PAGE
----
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Divorce in Tennessee

Divorce in Tennessee



Over the last ten years, Tennessee’s divorce laws and regulations have evolved significantly, reflecting the state’s commitment to modernizing its legal framework while ensuring fairness, transparency, and the well-being of families involved in divorce proceedings. This article provides a concise overview of key changes in Tennessee’s divorce laws and regulations from 2013 to 2023.

2013: No-Fault Divorce Introduction

   – Introduction of no-fault divorce option, allowing couples to seek divorce without assigning blame.

2014: Child Custody Best Interests Focus

   – Emphasis on child custody factors focused on the best interests of the child.

2015: Marital Property Division Guidelines

   – Clearer guidelines for the division of marital property during divorce.

2016: Alimony Award Considerations

   – Consideration of various factors when determining alimony awards.

2017: Child Support Calculation Updates

   – Updates to child support calculations to better reflect changing financial needs.

2018: Mediation Promotion

   – Encouragement of mediation as an alternative dispute resolution method.

2019: Parenting Plans Enhancement

   – Introduction of enhanced parenting plans outlining custody, visitation, and support arrangements.

2020: Digital Divorce Filing

   – Introduction of digital options for filing divorce petitions, enhancing accessibility.

2021: Collaborative Divorce Emphasis

   – Emphasis on collaborative divorce methods to reduce adversarial litigation.

2022: Online Divorce Resources

   – Provision of online resources to guide individuals through the divorce process.

2023: Spousal Maintenance Adjustments

   – Consideration of adjustments to spousal maintenance guidelines.

Tennessee’s ongoing efforts to modernize divorce laws underscore the state’s commitment to supporting families through challenging times while upholding principles of fairness and justice. As the legal landscape continues to evolve, it remains essential for stakeholders and the public to engage in discussions that prioritize the well-being of families navigating divorce.

A Brief Guide to Divorce in Tennessee

Spouses who are considering temporary or permanent separation in Tennessee should be aware of the following things:

Tennessee State Divorce Laws

To file for divorce in Tennessee, a plaintiff must have been a resident of the state for at least six months.

Grounds for Divorce

Aside from no fault divorces, the following charges can lead to a petition for an at-fault divorce:

• Adultery

• Bigamy

• Impotence

• Refusing to move to Tennessee with a spouse

• Cruelty or endangerment

• Addiction to drugs or alcohol

• Conviction of a serious crime

• Wife pregnant at time of marriage with another man’s child without spouse’s knowledge

• Desertion or abandonment

Legal Separation

Couples who are not sure if they wish to file for divorce in Tennessee but want to live apart can file for a legal separation. This legally enforceable agreement will detail the division of property, child custody and visitation and similar issues.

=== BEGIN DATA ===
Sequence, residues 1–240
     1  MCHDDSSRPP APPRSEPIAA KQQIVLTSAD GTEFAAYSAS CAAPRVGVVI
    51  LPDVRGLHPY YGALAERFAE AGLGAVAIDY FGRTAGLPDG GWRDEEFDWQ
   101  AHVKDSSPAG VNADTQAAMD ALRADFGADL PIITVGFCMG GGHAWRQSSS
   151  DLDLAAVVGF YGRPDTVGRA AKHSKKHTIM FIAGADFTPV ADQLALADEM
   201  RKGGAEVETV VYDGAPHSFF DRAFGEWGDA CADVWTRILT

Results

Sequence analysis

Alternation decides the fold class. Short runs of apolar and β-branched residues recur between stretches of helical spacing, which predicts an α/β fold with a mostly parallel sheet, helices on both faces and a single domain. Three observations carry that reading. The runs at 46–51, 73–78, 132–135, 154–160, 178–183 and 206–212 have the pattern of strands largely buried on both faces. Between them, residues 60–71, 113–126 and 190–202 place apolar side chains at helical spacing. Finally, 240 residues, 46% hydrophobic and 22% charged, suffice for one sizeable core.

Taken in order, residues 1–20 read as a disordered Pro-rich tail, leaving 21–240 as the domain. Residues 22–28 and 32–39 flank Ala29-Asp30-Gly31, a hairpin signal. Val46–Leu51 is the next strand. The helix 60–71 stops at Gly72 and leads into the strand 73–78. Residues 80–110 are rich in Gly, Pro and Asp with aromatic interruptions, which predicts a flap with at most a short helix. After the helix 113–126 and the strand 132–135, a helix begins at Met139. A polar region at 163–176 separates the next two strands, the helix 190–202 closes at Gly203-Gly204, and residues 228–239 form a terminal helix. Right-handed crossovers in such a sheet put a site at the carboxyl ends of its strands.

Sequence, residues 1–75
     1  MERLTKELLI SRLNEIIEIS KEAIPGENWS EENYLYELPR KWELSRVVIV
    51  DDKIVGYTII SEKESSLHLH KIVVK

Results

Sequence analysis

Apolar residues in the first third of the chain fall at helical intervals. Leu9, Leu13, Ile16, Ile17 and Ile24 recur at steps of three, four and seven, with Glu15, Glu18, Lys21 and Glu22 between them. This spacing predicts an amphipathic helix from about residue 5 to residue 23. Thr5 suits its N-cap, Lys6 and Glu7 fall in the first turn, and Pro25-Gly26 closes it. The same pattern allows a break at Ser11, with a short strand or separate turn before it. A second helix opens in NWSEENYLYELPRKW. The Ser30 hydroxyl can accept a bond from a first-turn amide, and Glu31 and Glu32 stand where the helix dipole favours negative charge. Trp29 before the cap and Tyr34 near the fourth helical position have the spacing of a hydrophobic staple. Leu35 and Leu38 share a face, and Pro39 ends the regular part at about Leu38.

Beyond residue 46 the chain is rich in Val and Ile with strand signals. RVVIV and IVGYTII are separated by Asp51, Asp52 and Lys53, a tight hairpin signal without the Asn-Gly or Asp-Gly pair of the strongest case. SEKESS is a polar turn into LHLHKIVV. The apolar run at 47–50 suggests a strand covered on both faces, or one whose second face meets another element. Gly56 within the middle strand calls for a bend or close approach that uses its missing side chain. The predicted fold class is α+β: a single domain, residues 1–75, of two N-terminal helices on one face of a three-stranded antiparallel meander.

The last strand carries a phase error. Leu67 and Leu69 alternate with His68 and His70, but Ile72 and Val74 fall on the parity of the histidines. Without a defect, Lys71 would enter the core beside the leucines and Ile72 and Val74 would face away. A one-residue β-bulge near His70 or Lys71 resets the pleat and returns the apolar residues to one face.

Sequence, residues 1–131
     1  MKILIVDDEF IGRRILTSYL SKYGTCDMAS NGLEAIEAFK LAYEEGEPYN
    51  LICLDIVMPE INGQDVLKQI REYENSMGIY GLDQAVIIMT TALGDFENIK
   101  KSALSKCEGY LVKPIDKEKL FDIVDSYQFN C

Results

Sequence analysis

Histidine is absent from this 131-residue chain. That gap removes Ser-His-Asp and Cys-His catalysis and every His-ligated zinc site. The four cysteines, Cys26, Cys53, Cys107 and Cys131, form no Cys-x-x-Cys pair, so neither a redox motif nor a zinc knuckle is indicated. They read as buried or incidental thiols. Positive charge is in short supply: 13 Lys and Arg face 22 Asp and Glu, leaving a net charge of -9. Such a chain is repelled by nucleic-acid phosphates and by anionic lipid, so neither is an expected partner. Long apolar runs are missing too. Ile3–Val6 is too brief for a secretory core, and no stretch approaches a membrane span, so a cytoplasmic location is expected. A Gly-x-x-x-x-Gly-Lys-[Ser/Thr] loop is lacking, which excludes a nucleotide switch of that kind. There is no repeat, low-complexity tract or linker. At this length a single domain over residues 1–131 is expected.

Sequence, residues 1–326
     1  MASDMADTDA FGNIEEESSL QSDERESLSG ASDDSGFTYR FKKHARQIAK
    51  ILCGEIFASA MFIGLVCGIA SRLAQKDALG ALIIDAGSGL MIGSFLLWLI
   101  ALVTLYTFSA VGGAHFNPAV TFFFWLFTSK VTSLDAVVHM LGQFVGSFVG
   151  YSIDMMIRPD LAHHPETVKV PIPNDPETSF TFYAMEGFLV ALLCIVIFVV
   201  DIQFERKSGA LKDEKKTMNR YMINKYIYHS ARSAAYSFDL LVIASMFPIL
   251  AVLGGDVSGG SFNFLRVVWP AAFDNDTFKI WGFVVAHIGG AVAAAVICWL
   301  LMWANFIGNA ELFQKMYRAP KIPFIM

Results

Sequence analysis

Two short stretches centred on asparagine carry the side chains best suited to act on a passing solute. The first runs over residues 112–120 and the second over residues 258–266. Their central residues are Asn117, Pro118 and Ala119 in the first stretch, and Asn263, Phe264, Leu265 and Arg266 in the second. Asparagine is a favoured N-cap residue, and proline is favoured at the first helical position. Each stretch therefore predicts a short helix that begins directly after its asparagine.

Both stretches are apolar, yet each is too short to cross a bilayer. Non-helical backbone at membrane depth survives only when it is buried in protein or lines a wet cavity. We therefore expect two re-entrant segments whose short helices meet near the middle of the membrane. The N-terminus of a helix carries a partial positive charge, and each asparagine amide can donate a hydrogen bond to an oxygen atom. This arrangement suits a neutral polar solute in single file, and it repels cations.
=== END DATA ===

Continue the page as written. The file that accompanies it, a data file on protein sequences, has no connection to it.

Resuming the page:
Types of Divorce

If both parties agree to a divorce in Tennessee as well as the terms of their separation, their case will be handled as an uncontested divorce. In cases where one spouse does not consent to the separation or an unresolvable disagreement exists, a judge will issue a resolution for this contested divorce.

No Fault Divorce

Couples wishing to file for no-fault divorce in Tennessee can plead irreconcilable differences. No wrongdoing on either spouse’s fault is required to have this kind of divorce approved. Couples who have lived apart for two years or longer can file for no fault divorce if no children are involved. There will be a sixty day waiting period before the divorce is granted.

Steps in the Divorce Process

To file for divorce in Tennessee, a plaintiff must file a complaint with the local family court. The defendant will then be served a formal notice of the petition for divorce, normally by a sheriff, process server or certified mail. If both parties can agree on the terms of separation during the waiting period, they will not have to go court. If court-supervised mediation fails to come up with a mutually acceptable plan, a judge will rule upon issues of alimony, child support and other related disputes.

Spousal Support

Judges can award alimony on an either permanent or temporary alimony based on many factors, including:

• the length of the marriage and standard of living established during that time

• both spouses’ marital conduct

• how employable the spouse requesting alimony is

• any issue the judge deems relevant to his or her decision

Child Support

Judges have similarly wide discretion when deciding on a child support payment plan, taking into account among other things:

• the child’s needs

• whether the non-custodial parent has less than 55 visitation days a year or over 110

• pensions and retirement benefits plans

Fathers’ and Mothers’ Rights

Gender is not taken into account by judges when awarding child custody. Any child of sufficient maturity over age 12 will have their wishes considered.